Former Los Angeles Lakers player Magic Johnson had a discussion with NBA commissioner Adam Silver, Chicago Mayor Lori Lightfoot, and host Caron Butler about the Black Lives Matter movement. It was part of the "NBA Together Virtual Roundtable Session” that took place on Twitter on Tuesday. One of the focuses was on whether or not the NBA should go about their season as normal because of the unrest surrounding the death of George Floyd.
According to the Laker legend, the BLM protests shouldn't deter the organization from going about business as normal, The Los Angeles Times reported.
“I think that it can give it even some more juice because of the big platform that the players have in the NBA,” he said. “… I think that the guys have to understand that this is a chance for the guys, for them to sit down together and bring about change and how they can do that as a group.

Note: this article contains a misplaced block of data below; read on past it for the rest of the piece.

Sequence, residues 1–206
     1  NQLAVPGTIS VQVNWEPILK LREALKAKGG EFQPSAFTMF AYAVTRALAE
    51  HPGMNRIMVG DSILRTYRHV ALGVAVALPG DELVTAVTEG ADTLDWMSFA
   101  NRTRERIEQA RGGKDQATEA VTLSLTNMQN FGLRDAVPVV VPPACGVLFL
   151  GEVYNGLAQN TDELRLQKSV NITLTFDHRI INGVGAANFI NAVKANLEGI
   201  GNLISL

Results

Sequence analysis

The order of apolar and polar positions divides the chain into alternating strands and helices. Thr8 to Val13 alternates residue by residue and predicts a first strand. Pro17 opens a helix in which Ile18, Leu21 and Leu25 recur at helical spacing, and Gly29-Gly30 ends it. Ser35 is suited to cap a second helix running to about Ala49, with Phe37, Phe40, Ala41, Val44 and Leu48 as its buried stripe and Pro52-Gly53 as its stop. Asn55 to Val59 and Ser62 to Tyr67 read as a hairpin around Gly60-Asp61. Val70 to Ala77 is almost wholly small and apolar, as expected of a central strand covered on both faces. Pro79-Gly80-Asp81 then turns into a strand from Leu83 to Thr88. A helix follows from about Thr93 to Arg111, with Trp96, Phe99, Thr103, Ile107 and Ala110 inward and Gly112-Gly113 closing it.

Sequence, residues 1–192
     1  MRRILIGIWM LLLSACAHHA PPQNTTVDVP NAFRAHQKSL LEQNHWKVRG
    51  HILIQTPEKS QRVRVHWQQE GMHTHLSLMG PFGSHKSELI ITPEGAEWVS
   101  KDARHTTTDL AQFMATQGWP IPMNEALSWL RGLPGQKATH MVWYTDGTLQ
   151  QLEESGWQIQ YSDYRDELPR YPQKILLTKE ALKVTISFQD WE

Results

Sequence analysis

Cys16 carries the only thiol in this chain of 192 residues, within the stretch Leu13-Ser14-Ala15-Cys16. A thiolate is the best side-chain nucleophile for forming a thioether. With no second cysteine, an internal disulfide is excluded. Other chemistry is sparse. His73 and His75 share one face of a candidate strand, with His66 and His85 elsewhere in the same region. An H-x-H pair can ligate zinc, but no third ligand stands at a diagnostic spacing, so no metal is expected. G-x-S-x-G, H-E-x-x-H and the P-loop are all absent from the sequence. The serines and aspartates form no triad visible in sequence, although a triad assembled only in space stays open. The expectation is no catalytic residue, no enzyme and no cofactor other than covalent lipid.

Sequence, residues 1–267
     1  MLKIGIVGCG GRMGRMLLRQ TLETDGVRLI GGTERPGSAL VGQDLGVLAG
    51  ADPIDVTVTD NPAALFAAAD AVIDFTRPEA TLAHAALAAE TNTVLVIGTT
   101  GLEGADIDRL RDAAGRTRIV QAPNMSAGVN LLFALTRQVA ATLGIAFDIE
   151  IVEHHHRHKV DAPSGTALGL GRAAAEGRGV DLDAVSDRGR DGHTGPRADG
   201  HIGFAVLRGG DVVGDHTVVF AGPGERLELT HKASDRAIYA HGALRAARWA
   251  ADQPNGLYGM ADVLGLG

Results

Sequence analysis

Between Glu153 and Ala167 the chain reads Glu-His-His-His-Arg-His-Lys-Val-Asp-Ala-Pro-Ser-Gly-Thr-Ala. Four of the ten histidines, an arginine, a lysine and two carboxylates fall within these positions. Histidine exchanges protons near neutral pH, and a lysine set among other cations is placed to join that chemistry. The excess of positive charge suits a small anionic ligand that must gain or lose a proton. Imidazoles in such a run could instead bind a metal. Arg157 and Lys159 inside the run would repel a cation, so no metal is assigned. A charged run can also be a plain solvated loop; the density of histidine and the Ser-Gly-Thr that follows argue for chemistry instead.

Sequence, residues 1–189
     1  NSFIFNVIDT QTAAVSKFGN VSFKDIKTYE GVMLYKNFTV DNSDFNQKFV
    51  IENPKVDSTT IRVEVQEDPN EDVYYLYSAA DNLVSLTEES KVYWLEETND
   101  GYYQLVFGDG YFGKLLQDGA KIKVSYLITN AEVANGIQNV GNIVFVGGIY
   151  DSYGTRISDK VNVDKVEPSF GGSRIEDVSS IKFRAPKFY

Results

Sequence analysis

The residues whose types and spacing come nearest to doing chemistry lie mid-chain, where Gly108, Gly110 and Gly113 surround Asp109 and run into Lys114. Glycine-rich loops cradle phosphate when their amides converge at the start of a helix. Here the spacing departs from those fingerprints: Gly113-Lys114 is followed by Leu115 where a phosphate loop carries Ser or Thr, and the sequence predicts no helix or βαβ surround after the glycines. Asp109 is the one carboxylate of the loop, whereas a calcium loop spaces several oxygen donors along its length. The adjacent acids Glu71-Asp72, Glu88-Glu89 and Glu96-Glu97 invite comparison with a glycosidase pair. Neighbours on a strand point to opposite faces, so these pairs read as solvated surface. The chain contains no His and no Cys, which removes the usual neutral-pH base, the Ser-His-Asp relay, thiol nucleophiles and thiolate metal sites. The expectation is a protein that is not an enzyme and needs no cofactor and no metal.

“They can do it as an individual and in their own cities and states that they play in or live in. But also too, they can together and say, ‘Let’s support this group or let’s do this together or let’s create this together.’ Black Lives Matter will continue," Johnson explained. "The protest will continue with the NBA playing. It’s not going to stop. …You have to remember, this is a world-wide movement and so nothing is going to stop. It will continue."
Even though players like Lakers guard Avery Bradley and Brooklyn Nets guard Kyrie Irving have expressed concern over returning to the court, Johnson said he respects the position Silver and other NBA leaders have taken. He also reminded players and association officials that the NBA has a massive reach, especially on social media. Players' messages can be shared with fans en masse should they decide to play.
“And then when the guys are there, let’s get together, huddle up, let’s plan something really strong so when we’re done, Adam, the players (NBPA executive director) Michele Roberts, everybody can stand there and say, ‘Hey, this is what we decided to do and it’s going to bring real change in the inner cities, in urban America where we live, where we play. This is going to bring some real change,'" Johnson said. "That’s what I would love to see happen.”